Sidney Bludman

Professor of Physics Emeritus


  • Prof. Emeritus Staff Physicist, Lawrence Berkeley Laboratory and Lecturer, University of California (1952-61)
  • Professor of Physics & Astronomy, University of Pennsylvania (1961-99)
  • Visiting Fellow, Institute for Advanced Study (1956-57)
  • Institute for Theoretical Physics, University of California, Santa Barbara (1985, 1997); Center for Particle Astrophysics, Berkeley (1990-93)
  • Institute for Particle and Nuclear Astrophysics, Lawrence Berkeley Laboratory (1994-95)
  • Institute for Nuclear Theory, University of Washington (1996)
  • Deutsches Elektronen-Synchrotron, Hamburg (1998- )
  • Visiting Professor Imperial College (1967-68)
  • Tel-Aviv University (1971-72)
  • Hebrew University (1976-77)
  • Guggenheim Fellow (1983-84)
  • Scientific Director, Les Houches Summer Institute on Supernovae (1990).
  • Member of the Arts and Sciences Medal Awards Committee, Franklin Institute Visiting Professor, DESY Theory Group, Hamburg (1999- )
  • Visiting Professor, DESY Theory Group, Hamburg (1999-2006)
  • Visiting Professor, Universidad de Chile, Santiago (2006- ) 
  • Visiting Professor, University of Maryland (2012- )




M.S., Ph.D. Yale University (1948, 1951)
A.B. Cornell University (1945)

Research Interests: 

Neutrinos at the Particle Physics-Astrophysics Interface

High energy astrophysics/cosmology deals with the testing and application of nuclear and elementary particle physics under extreme conditions that obtain only in compact objects or in the very early Universe. Bludman has studied the birth, evolution, and death of stars and of the Universe. He has studied astrophysical and cosmological constraints on neutrino masses and lifetimes and the role of neutrinos in the atmosphere, the Sun, supernovae, and the early Universe.

Solar Neutrinos and Stellar Structure

The core structure of cool stars, like the Sun, follows directly from pressure equilibrium and is insensitive to radiative opacities. This enabled Bludman and Kennedy to obtain a simple analytic fit to the mechanical and thermal structure of the present Sun, to adequately describe and interpret the energy and neutrino production in standard and non-standard solar models. In addition, they found a variational formulation for the four equations of mechanical and thermal equilibrium, that permits a new, global approach to stellar structure. Recently, they extended Noether's theorem, identifying variational symmetries and conservation laws, to scaling symmetries of the equations of motion. In mechanics, the resulting nonconservation law is the Law of Clausius, leading to the Virial Theorem. In the hydrostatics of self-gravitating spheres, the nonconservation law leads directly to well-known properties of polytropes and of chemically homogeneous stellar cores.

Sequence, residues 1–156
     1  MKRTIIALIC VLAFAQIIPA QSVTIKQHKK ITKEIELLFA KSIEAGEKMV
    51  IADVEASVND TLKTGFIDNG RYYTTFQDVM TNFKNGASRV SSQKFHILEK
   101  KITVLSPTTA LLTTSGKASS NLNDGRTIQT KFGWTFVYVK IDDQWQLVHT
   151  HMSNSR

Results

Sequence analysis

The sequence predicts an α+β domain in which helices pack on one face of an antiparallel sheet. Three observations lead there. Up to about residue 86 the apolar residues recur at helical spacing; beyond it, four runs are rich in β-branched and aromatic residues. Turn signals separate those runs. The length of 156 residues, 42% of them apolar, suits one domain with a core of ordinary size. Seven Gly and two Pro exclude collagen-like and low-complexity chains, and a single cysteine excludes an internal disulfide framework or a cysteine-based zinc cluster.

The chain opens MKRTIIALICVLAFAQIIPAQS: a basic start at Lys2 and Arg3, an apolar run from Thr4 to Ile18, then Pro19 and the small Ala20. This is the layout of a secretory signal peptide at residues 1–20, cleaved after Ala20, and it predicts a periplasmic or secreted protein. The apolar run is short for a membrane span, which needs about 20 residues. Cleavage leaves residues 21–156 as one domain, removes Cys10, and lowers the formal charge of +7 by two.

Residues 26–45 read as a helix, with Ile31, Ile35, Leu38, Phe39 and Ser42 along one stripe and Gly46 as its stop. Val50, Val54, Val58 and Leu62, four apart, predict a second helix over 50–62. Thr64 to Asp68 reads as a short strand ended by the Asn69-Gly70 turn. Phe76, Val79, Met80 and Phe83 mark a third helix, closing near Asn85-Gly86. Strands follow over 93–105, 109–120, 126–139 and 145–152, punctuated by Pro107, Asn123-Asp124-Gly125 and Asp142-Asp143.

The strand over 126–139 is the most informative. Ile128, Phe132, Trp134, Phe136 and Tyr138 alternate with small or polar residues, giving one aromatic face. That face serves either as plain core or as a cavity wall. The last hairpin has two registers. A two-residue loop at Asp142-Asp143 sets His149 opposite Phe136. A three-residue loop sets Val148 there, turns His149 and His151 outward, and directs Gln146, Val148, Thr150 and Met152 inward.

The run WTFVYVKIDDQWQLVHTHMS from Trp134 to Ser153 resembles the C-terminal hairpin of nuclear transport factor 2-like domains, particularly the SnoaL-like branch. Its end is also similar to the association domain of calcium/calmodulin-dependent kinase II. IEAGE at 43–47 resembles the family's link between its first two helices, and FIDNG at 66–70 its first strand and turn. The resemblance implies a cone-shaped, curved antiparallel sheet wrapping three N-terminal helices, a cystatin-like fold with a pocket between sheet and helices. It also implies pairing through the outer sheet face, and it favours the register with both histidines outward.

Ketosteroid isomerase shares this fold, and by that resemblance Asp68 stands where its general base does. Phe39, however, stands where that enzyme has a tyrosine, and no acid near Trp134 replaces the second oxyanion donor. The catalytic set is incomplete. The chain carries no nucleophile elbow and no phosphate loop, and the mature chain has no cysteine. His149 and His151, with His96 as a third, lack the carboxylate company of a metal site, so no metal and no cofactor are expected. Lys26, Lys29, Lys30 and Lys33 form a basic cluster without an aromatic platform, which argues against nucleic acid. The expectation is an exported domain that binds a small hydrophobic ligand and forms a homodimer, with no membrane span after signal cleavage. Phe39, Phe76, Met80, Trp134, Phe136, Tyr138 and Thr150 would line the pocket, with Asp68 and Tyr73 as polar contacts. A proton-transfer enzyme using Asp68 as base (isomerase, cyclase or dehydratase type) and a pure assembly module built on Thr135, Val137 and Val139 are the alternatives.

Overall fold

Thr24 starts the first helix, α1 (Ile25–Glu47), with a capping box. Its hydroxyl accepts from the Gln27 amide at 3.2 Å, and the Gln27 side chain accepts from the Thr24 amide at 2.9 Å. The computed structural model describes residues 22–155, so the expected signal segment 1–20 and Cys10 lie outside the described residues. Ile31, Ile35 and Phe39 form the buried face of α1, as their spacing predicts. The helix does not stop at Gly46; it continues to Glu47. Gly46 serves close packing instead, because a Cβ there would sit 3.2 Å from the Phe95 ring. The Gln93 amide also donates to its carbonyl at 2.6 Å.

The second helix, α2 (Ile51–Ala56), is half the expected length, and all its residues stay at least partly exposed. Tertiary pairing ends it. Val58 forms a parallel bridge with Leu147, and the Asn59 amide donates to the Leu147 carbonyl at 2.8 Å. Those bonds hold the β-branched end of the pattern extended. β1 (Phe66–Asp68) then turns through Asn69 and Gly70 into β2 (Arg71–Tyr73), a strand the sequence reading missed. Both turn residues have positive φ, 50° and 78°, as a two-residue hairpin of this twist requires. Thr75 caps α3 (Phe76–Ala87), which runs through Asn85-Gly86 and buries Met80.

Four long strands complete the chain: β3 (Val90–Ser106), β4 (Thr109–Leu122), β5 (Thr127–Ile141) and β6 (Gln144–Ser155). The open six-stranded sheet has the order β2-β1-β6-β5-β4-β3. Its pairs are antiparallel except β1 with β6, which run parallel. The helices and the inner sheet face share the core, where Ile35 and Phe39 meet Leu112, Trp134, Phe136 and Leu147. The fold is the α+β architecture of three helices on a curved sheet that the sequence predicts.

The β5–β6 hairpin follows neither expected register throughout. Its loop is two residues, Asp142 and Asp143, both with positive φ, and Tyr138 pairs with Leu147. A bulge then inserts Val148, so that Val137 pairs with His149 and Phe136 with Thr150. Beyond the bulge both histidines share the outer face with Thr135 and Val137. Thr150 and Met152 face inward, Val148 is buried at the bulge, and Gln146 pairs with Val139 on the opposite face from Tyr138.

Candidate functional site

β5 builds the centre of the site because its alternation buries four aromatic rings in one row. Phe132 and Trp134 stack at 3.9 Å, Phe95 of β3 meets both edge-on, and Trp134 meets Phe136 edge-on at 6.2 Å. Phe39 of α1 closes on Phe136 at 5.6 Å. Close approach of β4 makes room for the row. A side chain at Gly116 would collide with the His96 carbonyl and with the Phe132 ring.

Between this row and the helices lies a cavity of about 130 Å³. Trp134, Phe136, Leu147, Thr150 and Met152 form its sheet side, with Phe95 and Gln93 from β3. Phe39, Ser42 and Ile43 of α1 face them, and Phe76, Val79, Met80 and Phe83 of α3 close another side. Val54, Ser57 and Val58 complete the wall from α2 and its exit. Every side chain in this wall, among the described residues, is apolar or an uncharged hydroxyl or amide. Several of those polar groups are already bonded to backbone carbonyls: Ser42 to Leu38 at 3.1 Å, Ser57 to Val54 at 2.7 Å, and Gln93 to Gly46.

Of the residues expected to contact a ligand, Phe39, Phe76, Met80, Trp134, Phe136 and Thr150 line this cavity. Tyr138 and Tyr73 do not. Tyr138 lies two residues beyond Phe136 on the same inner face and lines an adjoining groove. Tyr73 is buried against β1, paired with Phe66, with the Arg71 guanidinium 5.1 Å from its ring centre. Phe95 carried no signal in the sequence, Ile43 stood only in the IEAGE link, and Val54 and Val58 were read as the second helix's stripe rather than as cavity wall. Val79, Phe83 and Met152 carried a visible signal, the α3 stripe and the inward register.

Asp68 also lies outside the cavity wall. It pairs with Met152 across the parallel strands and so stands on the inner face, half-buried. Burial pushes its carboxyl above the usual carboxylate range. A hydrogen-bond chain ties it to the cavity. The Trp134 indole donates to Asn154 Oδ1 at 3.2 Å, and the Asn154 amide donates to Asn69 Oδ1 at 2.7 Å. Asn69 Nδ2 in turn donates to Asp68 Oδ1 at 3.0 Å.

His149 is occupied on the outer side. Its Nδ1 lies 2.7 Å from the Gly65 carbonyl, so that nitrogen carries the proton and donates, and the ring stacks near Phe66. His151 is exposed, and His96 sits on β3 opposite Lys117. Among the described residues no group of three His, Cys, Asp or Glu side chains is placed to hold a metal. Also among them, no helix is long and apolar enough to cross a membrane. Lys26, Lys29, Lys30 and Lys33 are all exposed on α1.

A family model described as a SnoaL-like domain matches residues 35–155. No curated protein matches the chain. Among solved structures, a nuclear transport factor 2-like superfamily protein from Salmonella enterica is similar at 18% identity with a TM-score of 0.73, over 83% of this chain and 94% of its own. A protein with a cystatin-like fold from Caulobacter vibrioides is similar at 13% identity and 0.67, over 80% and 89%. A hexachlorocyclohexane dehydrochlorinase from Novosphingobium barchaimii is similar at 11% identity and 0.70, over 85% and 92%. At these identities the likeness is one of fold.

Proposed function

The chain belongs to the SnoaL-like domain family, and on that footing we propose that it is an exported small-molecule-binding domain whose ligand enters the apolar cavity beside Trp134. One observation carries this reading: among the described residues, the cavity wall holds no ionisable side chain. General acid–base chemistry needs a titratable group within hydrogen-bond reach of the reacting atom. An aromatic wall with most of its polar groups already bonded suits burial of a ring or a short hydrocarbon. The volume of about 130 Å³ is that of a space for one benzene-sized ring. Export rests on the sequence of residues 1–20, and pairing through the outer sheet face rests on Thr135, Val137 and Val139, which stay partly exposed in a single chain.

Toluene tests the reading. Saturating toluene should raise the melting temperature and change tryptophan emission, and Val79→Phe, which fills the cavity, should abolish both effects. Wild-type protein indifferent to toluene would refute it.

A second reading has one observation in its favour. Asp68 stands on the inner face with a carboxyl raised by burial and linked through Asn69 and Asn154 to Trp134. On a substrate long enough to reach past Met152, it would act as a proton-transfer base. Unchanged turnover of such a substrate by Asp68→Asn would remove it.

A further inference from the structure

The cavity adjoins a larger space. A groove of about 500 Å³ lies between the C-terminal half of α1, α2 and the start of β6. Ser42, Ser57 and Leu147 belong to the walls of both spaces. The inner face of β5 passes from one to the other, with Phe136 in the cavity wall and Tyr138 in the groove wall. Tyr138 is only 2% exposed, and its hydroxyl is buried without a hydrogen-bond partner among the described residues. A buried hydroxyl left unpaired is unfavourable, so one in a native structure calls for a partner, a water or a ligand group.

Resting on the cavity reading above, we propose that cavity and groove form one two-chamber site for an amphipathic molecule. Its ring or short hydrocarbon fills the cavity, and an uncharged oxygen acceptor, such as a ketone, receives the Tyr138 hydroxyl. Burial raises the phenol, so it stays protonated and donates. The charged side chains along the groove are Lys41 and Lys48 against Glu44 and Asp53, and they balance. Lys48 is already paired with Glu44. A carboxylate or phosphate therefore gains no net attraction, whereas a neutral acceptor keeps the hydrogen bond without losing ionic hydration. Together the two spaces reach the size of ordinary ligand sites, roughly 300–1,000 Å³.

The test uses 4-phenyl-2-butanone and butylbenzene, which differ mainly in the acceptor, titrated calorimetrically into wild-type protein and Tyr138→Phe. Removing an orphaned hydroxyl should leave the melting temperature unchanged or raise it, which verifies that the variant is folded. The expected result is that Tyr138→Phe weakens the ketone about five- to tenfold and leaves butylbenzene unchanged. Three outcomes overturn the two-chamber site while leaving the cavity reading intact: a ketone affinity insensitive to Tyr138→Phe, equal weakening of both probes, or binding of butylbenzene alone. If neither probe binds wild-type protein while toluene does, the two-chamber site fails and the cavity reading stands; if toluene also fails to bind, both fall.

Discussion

Stellar Collapse and Supernova Explosions

At the end of nuclear burning, massive stars suddenly implode, emitting 10-15% of their rest mass in neutrinos, ejected matter, and light. The general features of the type II supernova were dramatically confirmed in the supernova which exploded in a neighboring galaxy in 1987, but the explosion mechanism - involving nuclear physics, neutrino physics, radiative hydrodynamics, and general relativity- remains obscure. Bludman has focused on the role of neutrino transport in making a supernova explosion. Together with Cernohorsky and Smit, he found a simple analytic algorithm for the transport of neutrino flux and energy in a core collapse explosion.

Accelerating Universe

The homogeneous cosmological expansion, which measure only kinematic variables, cannot determine the dynamics driving the recent accelerated expansion. The minimal fit to the data, the flat ΛCDM model, consisting of cold dark matter and a small cosmological constant, interprets Λ geometrically as a classical spacetime curvature constant of nature, avoiding any reference to quantum vacuum energy. (The observed Uehling and Casimir effects measure any forces due to QED vacuum polarization, not any quantum material vacuum energies.) An Extended Anthropic Principle, that Dark Energy and Dark Gravity be indistinguishable, selects out flat ΛCDM. Prospective cosmic shear and galaxy clustering observations of the growth of fluctuations are intended to test whether the recent cosmological acceleration is static or moderately dynamic. Even if dynamic, observational differences between an additional negative-pressure material component within general relativity (Dark Energy) and low-curvature modifications of general relativity (Dark Gravity) will be extremely small.


Selected Publications: 


  • Is Cosmological Acceleration Driven by Classical Space-Time Geometry?, Intl. J. Mod. Physics D 17, 1-28, (2008). [Get article]
  • Gravitational Vacuum Energy in our Recently Accelerating Universe, J. Physics Conf. Ser. 161, 012026(2009). [Get article]
  • Invariant Relationships Deriving From Classical Scaling Transformations, with Dallas Kennedy (2010). [Get article]
  • Scale Invariant Stellar Structure, with Dallas Kennedy (2010). [Get article]
  • Kepler's 1604 Supernova and Star of Bethlehem [Get article]
  • Measuring Dark Energy Parameters to Select Theoretical Models [Get article]